Thereafter, Willis occasionally attempted to expand his range beyond traditional action and comedy, but the results proved somewhat lackluster, from disappointing (the 1989 Norman_Jewison drama In_Country, with Willis as a Vietnam vet) to downright ludicrous (Brian_De_Palma's 1990 film The Bonfire of the Vanities, with Willis as a British reporter). He fared better with more traditional genre work, such as Amy_Heckerling's 1989 hit comedy Look_Who's_Talking, in which he voiced Mikey, a baby whose thoughts are comically projected aloud for the audience to hear. (Like Heckerling, Willis made the mistake of signing on for its incorrigible sequel, 1990's Look_Who's_Talking,_Too, though, mercifully, not for the third installment.) He also signed on for the second installment of the Die Hard series in 1990.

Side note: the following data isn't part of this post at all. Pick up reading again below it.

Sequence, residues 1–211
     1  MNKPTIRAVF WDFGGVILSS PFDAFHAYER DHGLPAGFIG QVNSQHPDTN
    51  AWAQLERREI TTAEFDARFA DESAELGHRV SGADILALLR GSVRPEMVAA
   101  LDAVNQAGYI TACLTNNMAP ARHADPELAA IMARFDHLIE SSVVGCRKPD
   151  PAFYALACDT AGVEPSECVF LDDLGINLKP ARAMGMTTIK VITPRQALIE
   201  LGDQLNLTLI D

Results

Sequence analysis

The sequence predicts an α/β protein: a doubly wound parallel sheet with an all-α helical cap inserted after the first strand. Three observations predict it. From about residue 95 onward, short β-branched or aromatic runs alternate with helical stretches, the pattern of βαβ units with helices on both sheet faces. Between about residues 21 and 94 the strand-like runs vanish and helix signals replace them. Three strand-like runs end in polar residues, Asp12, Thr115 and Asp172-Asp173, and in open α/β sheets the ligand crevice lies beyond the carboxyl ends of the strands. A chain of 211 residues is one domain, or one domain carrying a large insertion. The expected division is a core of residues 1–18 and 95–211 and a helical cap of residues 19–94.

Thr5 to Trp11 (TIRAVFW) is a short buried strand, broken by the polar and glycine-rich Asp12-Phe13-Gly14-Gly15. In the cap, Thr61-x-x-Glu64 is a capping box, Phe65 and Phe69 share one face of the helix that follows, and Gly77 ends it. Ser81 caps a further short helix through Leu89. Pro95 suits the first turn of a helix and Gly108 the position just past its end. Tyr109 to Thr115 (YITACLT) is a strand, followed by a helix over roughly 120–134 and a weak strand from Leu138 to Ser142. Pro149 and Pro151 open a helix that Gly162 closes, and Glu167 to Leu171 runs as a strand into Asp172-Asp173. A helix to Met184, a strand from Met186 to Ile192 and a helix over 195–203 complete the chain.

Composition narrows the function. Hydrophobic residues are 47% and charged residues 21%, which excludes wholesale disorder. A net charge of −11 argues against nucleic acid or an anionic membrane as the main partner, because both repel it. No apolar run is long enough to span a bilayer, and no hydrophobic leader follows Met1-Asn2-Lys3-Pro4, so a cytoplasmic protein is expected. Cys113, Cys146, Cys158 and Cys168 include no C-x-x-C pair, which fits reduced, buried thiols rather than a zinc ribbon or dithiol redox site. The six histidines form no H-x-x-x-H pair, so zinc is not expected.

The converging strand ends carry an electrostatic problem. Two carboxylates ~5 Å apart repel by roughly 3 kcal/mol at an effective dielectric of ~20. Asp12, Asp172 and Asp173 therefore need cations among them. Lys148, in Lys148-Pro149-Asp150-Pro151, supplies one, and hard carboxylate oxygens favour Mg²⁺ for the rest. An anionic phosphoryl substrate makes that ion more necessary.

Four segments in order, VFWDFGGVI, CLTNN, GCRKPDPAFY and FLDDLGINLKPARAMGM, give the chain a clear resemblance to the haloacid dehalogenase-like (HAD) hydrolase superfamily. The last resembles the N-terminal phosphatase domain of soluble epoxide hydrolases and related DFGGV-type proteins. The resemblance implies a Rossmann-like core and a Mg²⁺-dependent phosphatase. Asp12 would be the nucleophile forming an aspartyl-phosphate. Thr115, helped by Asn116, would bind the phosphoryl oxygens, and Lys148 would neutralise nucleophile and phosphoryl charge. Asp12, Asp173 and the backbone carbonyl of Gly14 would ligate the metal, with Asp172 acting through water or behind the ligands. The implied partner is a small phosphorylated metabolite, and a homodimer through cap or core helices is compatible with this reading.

In 1991, Willis scraped rock bottom -- and then some -- when he launched a "vanity project," the multi-million-dollar heist comedy Hudson_Hawk. This off-the-wall, action-laden farce, about a mad-as-a-March-hare cat burglar, found Willis posing a triple threat (lead actor, first time co-screenwriter, and co-author of the title song). The mega-budgeted Hawk became one of the most notorious stinkers of all time, was despised by critics, and cost its studio millions of dollars.